Joan Didion, in Where I Was From:
There used to be on the main street through Gilroy, a farm town in Santa Clara County that billed itself as “The Garlic Capital of the World,” a two- or three-story hotel, the Milias, where the dining room off the lobby had a black-and-white tiled floor and fans and potted palm trees and, in the opinion of my father, short ribs so succulent that they were worth a stop on any drive between Sacramento and the Monterey Peninsula. I remember sitting with him in the comparative cool of the Milias dining room (any claim of “cool” was at that time comparative, air conditioning not yet having taken widespread hold in Santa Clara County), eating short ribs and the cherries from his old-fashioned bourbon cocktail, the singular musky smell of garlic being grown and picked and processed permeating even the heavy linen napkins.
I am unsure at what point the Milias Hotel vanished (probably about the time Santa Clara County started being called Silicon Valley), but it did, and the “farm town” vanished too, Gilroy having reinvented itself as a sprawl of commuter subdivisions for San Jose and the tech industry. In the summer of 2001, a local resident named Michael Bonfante opened a ninety-million-dollar theme park in Gilroy, “Bonfante Gardens,” the attractions of which were designed to suggest the agricultural: stage shows with singing tomatoes, rides offering the possibility of being spun in a giant garlic bulb or swung from a thirty-nine-foot high mushroom. The intention behind Bonfante Gardens, according to its creator, was “to show how the county was in the 1950s and 1960s.” The owner of a neighboring property was interviewed by The New York Times on the subject of Bonfante Gardens. “If it gets to be Disneyland, I am going to hate it,” she said. “Right now it is pretty and beautiful. But who knows? Someone who has been here as long as I have has mixed feelings.”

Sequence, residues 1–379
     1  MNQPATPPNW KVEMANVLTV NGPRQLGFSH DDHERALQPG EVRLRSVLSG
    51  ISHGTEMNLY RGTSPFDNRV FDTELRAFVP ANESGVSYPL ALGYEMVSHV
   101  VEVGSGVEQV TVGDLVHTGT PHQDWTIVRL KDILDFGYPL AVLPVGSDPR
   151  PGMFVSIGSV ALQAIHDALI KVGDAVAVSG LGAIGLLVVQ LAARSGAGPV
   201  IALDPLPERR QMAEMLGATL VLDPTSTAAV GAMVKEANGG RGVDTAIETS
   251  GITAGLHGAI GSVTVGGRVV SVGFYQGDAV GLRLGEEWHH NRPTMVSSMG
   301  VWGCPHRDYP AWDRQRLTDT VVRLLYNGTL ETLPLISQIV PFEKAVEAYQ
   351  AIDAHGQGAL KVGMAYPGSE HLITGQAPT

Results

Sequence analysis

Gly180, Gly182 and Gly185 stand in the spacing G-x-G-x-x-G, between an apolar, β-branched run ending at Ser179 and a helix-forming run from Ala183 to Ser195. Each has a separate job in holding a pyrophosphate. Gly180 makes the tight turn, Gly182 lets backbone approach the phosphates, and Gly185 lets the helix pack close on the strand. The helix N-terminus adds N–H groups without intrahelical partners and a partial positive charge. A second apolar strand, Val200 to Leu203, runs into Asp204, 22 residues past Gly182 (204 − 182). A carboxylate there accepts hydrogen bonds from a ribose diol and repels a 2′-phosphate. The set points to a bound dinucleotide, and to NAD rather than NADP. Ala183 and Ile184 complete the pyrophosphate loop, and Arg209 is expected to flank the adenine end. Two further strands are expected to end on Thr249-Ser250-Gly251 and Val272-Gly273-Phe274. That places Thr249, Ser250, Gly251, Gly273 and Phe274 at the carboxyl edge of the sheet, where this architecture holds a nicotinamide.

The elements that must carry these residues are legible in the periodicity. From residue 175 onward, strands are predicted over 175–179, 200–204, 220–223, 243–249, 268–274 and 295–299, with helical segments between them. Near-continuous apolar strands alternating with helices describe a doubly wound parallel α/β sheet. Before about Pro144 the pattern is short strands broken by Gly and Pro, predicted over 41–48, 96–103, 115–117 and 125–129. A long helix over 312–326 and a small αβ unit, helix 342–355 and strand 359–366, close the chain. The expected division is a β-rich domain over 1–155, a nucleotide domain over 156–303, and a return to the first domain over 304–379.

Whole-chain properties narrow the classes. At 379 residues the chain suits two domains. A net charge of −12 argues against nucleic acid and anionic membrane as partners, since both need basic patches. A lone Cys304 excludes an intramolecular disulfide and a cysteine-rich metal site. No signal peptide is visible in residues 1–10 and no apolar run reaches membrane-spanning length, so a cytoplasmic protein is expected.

This interviewee, according to the Times, had been a resident of Gilroy, in other words “been here,” for fifteen years. If fifteen years seems somewhat short of the long-time settlement suggested by “someone who has been here as long as I have,” consider this: when my brother and I applied to change the zoning from agricultural to residential on a ranch we owned east of Sacramento, one of the most active opponents to the change, a man who spoke passionately to the folly of so altering the nature of the area, had moved to California only six months before, which suggested that he was living on a street that existed only because somebody else had developed a ranch. Discussion of how California has “changed,” then, tends locally to define the more ideal California as that which existed at whatever past point the speaker first saw it: Gilroy as it was in the 1960s and Gilroy as it was fifteen years ago and Gilroy as it was when my father and I ate short ribs at the Milias Hotel are three pictures with virtually no overlap, a hologram that dematerializes as I drive though it.